Flights of the Enchanter
- A Traveller’s Alphabet: Partial Memoirs by Steven Runciman
Thames and Hudson, 214 pp, £16.95, February 1991, ISBN 0 500 01504 X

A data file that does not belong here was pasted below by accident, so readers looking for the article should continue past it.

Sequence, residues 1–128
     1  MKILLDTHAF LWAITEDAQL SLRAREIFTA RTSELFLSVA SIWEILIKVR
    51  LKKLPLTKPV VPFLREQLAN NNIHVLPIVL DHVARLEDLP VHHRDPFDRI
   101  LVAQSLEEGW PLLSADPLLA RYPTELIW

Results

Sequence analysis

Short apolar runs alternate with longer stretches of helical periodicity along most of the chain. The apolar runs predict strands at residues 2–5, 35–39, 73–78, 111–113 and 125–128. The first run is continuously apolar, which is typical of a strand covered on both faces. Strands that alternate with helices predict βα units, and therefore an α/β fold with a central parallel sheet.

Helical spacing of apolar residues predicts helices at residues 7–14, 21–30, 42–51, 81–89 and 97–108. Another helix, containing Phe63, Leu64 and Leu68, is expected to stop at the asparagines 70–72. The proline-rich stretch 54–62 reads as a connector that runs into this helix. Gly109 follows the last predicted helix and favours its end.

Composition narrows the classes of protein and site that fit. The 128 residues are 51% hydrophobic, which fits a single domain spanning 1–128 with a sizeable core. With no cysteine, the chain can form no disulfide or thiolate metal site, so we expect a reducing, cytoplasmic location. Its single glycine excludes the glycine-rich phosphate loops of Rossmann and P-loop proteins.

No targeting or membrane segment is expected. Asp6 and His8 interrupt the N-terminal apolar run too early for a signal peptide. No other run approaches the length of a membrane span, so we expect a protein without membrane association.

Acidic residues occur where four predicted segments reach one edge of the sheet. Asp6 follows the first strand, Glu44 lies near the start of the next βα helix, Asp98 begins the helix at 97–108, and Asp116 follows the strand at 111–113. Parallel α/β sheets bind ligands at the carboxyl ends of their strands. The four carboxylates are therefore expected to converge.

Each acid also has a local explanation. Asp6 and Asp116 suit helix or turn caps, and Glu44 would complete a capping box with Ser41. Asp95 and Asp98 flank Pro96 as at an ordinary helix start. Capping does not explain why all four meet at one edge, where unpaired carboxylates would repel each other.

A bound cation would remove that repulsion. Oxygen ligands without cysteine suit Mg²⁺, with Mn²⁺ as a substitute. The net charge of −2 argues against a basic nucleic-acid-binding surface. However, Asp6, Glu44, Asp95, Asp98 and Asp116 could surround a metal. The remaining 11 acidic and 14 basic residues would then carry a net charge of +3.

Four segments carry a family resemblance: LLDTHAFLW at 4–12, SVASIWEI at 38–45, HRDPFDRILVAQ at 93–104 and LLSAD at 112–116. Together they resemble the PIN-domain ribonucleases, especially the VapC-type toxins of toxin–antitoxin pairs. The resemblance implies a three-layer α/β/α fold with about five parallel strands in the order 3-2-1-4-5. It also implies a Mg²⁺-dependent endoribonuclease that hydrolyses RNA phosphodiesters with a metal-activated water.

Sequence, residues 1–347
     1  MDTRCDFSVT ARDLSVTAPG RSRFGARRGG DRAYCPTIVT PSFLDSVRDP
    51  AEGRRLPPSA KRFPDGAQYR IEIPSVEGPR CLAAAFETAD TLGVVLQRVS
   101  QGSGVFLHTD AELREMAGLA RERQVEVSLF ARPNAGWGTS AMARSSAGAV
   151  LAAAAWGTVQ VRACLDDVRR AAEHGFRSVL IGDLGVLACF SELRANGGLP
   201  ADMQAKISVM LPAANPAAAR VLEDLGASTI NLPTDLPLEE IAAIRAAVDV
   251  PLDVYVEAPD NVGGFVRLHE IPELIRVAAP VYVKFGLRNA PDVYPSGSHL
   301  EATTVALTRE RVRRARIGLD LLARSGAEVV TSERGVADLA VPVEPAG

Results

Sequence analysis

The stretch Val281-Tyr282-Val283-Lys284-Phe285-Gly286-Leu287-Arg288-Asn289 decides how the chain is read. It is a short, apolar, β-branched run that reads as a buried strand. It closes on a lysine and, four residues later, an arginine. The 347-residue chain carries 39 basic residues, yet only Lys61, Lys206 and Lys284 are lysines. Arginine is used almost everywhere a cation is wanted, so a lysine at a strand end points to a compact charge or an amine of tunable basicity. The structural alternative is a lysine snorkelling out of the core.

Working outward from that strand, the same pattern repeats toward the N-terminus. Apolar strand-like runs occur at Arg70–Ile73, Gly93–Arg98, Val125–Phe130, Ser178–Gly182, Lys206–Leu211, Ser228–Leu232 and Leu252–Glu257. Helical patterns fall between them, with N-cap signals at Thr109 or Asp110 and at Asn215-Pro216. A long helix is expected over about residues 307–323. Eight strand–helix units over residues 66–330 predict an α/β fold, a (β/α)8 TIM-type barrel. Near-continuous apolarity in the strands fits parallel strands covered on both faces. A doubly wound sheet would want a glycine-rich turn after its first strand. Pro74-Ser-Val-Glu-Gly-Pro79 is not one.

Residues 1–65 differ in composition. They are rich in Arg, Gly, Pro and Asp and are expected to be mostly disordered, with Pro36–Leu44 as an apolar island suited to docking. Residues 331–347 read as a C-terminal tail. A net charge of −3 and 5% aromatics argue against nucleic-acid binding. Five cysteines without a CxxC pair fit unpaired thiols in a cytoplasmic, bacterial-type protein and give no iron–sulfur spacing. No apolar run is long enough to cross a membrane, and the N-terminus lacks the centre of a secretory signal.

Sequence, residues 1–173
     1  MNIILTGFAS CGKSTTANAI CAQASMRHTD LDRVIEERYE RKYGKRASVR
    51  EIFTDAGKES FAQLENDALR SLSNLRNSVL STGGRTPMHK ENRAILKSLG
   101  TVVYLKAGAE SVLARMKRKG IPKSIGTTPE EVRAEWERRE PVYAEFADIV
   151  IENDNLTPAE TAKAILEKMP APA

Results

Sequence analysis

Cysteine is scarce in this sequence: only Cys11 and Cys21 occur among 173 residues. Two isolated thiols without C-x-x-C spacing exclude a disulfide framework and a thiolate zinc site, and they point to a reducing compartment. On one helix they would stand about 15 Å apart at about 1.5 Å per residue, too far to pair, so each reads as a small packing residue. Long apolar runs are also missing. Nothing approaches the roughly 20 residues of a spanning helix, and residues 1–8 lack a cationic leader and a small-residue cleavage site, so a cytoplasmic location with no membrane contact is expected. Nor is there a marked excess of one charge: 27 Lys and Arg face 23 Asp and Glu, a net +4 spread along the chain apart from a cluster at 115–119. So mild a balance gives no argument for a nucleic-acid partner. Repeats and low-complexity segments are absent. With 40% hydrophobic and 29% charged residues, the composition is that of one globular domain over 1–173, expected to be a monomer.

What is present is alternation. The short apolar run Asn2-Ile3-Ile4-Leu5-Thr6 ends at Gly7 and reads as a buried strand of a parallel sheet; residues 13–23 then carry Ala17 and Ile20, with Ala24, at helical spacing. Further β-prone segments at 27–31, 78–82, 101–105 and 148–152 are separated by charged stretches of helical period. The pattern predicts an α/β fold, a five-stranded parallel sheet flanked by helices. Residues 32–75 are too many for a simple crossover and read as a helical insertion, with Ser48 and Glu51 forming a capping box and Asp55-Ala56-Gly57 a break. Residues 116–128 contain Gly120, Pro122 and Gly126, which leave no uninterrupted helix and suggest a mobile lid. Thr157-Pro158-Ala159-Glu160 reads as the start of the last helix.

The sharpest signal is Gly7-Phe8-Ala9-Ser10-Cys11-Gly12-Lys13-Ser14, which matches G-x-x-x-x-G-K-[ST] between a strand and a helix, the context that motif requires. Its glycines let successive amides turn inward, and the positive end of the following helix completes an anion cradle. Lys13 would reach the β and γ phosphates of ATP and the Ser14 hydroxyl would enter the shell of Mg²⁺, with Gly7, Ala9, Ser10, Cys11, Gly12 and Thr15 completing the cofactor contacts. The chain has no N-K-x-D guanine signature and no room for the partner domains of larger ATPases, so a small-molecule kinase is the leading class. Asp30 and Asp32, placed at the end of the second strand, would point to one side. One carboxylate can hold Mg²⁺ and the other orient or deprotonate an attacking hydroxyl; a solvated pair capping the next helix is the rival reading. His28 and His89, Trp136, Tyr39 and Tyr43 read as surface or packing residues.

At the end of the First World War a schoolboy at Eton had come to the conclusion that people could be divided into the stupids (the hearties) or the sillies (the clever trendies). Nor did his teachers escape censure. He thought them ill-informed, and one wrote wistfully in his end-of-term report: ‘I wish this boy were kinder to me.’ Steven Runciman was already beginning to see history in a different perspective from his mentors. In those days one was taught that during the Dark Ages the Catholic Church civilised each wave of barbarians and preserved the link with the ancient world through the Holy Roman Empire. It tried to deflect the kings and counts from their endless feudal warfare by inspiring them with the noble ideal of the Crusades. True, the Crusades failed to liberate the Middle East from the infidel, but the fall of Constantinople liberated those forces that led to the Renaissance and revived the learning of the ancient world.